How has the success of the song "Pumpin Blood" been for you?SW:
It feels like we have had the most whirlwind year ever. It is unexpected because we never thought it would go outside of Sweden. We have been super surprised and happy.
It is also nice that it has calmed down a bit so we can find some solid ground to take the next step. It has been hectic and go, go, go. We have had no time to think.JN:
It has been used in several commercials.SW:
Yes, a lot of different commercials.JN:
Is that you whistling on the track?SW:
No, it was Rocwell.JN:
What did you think of the song being used on Glee?SW:
It was a really cool. I have watched the series a little bit but I have a lot of friends that watch it a lot. They were so happy.JN:
They set it in a gay club and had them dancing around performing it.SW:
I didn't know that. I knew it was a bar but not a gay club.JN:
Can you talk about the single that came out this year called "Hungry Eyes."SW:
I don't think it came out in the US as a single but we released it in Europe as a single. The songs change meaning a little bit when you are a writer then you look at it in different ways. I think it is about distancing itself from the norms of how you do things. The structure that society puts you in and what is right and wrong. It is about thinking how someone wants to live their life and not getting caught up in what someone thinks you should do.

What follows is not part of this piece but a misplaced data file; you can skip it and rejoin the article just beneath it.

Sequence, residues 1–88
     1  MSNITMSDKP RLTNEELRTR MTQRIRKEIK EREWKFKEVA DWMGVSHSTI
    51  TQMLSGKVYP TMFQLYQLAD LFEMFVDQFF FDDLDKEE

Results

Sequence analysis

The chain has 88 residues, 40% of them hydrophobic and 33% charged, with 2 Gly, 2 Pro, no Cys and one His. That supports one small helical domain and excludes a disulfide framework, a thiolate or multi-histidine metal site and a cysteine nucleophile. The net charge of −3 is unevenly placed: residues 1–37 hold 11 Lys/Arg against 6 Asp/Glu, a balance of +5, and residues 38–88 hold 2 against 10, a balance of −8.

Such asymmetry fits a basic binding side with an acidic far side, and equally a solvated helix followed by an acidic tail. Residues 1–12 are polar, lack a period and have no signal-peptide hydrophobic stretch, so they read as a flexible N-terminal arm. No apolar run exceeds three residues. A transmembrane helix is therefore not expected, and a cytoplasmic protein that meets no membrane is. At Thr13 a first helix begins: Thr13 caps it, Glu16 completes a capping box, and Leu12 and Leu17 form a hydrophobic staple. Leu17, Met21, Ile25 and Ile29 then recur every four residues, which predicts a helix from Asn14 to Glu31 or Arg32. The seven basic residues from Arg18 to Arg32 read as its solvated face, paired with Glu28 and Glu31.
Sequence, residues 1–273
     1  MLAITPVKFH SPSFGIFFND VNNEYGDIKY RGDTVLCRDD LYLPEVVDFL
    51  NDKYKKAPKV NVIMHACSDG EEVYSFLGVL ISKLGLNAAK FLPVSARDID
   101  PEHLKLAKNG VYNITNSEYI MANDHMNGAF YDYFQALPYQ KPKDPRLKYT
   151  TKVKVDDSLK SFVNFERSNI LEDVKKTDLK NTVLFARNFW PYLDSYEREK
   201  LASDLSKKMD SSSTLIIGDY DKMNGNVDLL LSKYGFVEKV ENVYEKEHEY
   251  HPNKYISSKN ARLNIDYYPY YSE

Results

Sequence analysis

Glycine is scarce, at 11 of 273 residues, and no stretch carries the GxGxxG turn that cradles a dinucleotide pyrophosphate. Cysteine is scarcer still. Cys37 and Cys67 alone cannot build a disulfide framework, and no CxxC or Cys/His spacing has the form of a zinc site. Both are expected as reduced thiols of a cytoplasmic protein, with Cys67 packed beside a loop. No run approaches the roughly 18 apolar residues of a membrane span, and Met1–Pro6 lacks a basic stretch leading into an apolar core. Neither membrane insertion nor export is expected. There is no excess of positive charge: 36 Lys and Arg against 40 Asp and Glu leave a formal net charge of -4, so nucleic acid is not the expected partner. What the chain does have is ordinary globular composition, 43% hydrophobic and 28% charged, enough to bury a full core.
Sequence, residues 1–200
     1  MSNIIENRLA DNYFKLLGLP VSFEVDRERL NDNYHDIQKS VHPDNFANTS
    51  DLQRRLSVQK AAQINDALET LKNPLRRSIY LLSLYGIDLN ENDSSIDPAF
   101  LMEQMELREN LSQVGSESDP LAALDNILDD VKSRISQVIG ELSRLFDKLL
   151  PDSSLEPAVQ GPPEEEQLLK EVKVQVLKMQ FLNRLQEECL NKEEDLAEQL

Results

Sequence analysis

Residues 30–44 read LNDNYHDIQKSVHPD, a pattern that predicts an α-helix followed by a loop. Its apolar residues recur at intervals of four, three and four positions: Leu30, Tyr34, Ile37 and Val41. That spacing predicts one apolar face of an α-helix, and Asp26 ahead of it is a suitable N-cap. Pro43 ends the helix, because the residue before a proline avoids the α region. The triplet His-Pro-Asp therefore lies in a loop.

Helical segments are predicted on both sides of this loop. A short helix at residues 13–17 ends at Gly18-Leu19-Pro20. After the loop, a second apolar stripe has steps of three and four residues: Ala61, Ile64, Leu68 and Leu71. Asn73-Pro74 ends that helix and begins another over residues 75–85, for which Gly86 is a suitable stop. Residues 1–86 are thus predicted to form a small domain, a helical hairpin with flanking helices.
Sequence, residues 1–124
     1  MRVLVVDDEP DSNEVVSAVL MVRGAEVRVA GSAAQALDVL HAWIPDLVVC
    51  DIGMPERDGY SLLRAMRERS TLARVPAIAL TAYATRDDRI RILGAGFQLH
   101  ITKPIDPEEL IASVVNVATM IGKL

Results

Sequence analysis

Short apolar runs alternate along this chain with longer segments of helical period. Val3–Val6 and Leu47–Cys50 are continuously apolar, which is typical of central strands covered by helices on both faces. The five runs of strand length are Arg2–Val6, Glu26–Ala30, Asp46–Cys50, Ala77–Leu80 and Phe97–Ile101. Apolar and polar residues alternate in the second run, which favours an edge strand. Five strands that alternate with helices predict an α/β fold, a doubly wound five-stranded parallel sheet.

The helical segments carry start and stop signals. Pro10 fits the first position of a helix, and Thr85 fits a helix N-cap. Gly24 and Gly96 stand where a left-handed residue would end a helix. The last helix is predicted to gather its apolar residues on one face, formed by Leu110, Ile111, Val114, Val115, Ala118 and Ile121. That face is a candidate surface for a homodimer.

I get very stressed with social media and all of being constantly connected to something. I like to disconnect and feel a bit more free. I think there is strength to be found in living your life in your own way.JN:
How was playing in Nashville recently?SW:
It was for Pride.JN:
I was raised there and they used to not have a Pride before.SW:
They said that. They are just now building the whole thing. It was very nice. This was our first time in Nashville and we call fell in love with it. First I had San Francisco as my favorite town but now I think Nashville. There was all of that music and the people seemed so happy. There is a lot of well being and good vibes in Nashville. Live music was amazing and everywhere. It was very inspiring.